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WCC UK Steering Committee Statement On Events At The 2019 Society For Classical Studies/Archaeological Institute Of America Meeting

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Last week, we issued a joint statement with the Council of University Classics Departments and the Institute of Classical Studies deploring the incidents of overt racism which occurred at the AIA/SCS conference in San Diego. We repeat our censure of the behaviour targeted at Professor Dan-el Padilla Peralta and at Djesika Bel Watson and Stefani Echeverría-Fenn, representatives of the Sportula. Professor Padilla Peralta has written powerfully about his experience, while the Sportula team have responded by organising their own on-line conference. Professor Padilla Peralta has now published the text of the paper he gave at the “Future of Classics” panel which raises serious questions about the under-representation of scholarship by women and people of colour in journals in our field, and challenges us to examine the role of structural factors, unconscious and explicit prejudice, in these exclusions. We are aware that some classicists, including former and present journal editors, have begun to respond to his challenge to reflect on and transform their practice; we urge this activity to continue.

In the joint statement published on Monday, we commented that ‘None of these problems are confined by national borders, and the UK community, including our organisations, has a long way to go in reckoning with their manifestations in our own country.’ Dr. Josephine Quinn has written eloquently about minimization which took place during and after the conference, both along national lines and in attempts to excuse the incident that targeted Professor Padilla Peralta by marginalising those who experience mental illness and those who work as independent scholars. The report by the Royal Historical Society on Race, Ethnicity and Equality shows the depth of the problem in one of our sister disciplines; we welcome the news in the November 2018 minutes that Council of University Classics Departments intend to commission a similar report examining the situation within our discipline.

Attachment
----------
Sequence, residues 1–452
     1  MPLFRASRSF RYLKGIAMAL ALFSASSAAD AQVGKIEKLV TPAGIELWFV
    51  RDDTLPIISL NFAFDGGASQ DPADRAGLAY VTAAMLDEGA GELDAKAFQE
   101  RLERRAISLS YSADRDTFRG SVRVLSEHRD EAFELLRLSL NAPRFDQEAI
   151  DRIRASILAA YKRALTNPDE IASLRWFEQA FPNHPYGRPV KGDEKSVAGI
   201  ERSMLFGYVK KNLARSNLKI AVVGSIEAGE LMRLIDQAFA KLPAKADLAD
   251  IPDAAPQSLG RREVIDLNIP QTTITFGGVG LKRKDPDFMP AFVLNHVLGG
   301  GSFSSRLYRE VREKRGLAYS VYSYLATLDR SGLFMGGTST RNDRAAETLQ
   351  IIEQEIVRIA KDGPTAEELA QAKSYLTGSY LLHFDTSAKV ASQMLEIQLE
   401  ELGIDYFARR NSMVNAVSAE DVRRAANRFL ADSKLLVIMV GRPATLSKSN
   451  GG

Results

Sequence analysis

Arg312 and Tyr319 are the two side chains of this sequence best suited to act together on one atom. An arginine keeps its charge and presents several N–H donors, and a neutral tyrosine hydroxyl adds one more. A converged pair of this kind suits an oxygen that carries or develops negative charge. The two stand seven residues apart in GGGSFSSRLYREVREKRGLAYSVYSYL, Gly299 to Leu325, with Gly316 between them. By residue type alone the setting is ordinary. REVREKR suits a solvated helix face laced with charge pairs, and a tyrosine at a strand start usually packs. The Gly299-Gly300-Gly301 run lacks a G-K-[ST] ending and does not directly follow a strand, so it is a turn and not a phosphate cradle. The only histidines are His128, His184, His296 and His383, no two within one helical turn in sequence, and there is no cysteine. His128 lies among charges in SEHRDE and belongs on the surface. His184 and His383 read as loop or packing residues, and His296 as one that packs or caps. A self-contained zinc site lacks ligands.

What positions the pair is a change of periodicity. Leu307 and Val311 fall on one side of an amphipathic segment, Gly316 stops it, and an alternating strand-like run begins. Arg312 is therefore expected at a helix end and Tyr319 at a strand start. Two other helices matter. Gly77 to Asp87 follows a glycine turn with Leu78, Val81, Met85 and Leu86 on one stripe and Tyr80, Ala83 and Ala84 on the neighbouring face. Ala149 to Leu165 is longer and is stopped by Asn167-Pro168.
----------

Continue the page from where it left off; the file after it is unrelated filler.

One of the WCC UK’s aims since its foundation has been to advance equality and diversity in classics; anti-racist work is a fundamental part of supporting classics without white fragility. We support efforts of disciplinary bodies and other institutions to examine and change their own practices, and we recognise that we have much to learn both as individuals and as an organisation. In our 2018 AGM, we included a critical whiteness workshop precisely to begin talking about these issues. The workshop succeeded in that it did start a conversation, and gave us confidence that we are able to facilitate these discussions among our members. Yet we failed to anticipate that colleagues of colour would be asked to perform a disproportionate amount of labour and that we did not do all we could to prepare attendees for the kind of self-reflection necessary to engage productively in anti-racism training. We didn’t get it right – but we recognise our responsibility to learn from our mistakes and to do better.

To that end, our 2019 AGM in Cardiff will include a town hall style meeting to discuss our experiences of racism within the discipline and develop strategies to respond to them. As part of this, we intend to take account of the interconnectivity of racism and xenophobia within UK society in general, as well as drawing attention to the ways in which UK classics is robbed of the richness of perspective brought by people from all ethnic backgrounds. Moreover, we hope to support attendees in developing strategies to engage with current institutional structures that require change if we are to tackle racism head-on within the discipline. We also intend to organise a separate on-line event on activism and allyship, which will explore the various intersections between feminism, race, class and disability. Its goal will be to start developing future strategies and to give members the confidence to take grassroots action in their local communities against both highly visible and more insidious kinds of prejudice. As an organisation, we recognise the part we can (indeed, should) play in striving for inclusivity in classics and hope that these events will lay foundations for encouraging change within the discipline.

If you would like more information about the AGM, or would like to be involved in organising our on-line event, please e-mail the Administrator at womensclassicalcommittee at gmail.com.

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